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There's something odd about our galactic neighbourhood, which Sidney van den Bergh at the Herzberg Institute of Astrophysics in Canada highlights today in a short paper.

Astronomers have long known that the Milky Way's two closest neighbours are the Large and Small Magellanic Clouds, giant clouds of stars, gas and dust called irregular galaxies.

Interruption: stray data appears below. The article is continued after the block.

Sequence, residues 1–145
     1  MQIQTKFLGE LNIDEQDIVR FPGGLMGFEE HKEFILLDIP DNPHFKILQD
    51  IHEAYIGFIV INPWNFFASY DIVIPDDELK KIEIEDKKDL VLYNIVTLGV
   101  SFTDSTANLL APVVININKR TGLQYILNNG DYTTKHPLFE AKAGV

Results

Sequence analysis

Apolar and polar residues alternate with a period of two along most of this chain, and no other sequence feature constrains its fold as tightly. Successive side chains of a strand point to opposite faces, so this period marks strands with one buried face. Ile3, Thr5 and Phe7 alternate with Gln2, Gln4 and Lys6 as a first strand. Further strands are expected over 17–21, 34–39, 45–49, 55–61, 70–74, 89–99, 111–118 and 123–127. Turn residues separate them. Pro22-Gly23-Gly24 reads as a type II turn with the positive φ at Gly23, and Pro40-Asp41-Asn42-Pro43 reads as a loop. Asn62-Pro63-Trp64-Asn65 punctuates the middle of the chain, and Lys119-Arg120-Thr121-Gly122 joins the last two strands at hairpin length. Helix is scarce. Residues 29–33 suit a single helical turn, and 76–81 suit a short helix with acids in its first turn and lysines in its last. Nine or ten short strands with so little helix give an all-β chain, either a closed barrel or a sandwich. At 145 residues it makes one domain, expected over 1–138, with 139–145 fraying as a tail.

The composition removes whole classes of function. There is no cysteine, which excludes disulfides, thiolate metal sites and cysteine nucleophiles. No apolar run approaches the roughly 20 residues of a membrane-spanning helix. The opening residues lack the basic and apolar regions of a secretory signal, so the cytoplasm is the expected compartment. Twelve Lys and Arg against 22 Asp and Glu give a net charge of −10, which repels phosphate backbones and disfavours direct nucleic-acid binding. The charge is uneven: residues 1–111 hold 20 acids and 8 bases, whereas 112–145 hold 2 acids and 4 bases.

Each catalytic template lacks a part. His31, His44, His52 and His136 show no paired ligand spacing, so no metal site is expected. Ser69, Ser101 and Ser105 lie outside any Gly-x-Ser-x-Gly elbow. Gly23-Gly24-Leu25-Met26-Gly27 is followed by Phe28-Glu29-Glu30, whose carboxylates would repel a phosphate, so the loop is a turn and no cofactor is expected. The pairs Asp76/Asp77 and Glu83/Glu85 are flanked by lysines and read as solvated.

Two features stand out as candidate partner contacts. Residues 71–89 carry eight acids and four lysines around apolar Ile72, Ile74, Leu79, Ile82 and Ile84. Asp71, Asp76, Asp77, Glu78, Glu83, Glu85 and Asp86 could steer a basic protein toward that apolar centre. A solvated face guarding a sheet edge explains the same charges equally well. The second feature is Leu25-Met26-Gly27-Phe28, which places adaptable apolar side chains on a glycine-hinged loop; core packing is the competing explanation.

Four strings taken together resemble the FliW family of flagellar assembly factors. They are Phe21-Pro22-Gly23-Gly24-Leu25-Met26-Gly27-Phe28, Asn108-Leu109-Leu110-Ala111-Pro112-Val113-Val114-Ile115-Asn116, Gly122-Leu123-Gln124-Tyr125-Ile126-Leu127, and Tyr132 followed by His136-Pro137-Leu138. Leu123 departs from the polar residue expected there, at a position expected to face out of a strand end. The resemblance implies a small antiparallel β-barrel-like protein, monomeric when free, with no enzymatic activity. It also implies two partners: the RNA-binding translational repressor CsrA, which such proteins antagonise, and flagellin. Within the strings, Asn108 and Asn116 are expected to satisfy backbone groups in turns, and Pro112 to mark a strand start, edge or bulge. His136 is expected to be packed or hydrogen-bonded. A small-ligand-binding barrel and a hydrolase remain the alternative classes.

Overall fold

This is strange for two reasons. These galaxies are much younger than ours and may have even formed together. It looks as if they may just be passing by, on their way to somewhere else. Most other galaxies like ours, such as Andromeda, don't have a single companion like this, so having two seems rather fortunate.

But there's something else as well. The Large Magellanic cloud is unusually luminous. In fact, there are only two other irregular galaxies in the entire local universe that come close. "In other words the Large Magellanic Cloud seems to be close to the upper luminosity limit for irregular galaxies," says van den Bergh. That's unusual too.

To read the rest of the article, click here.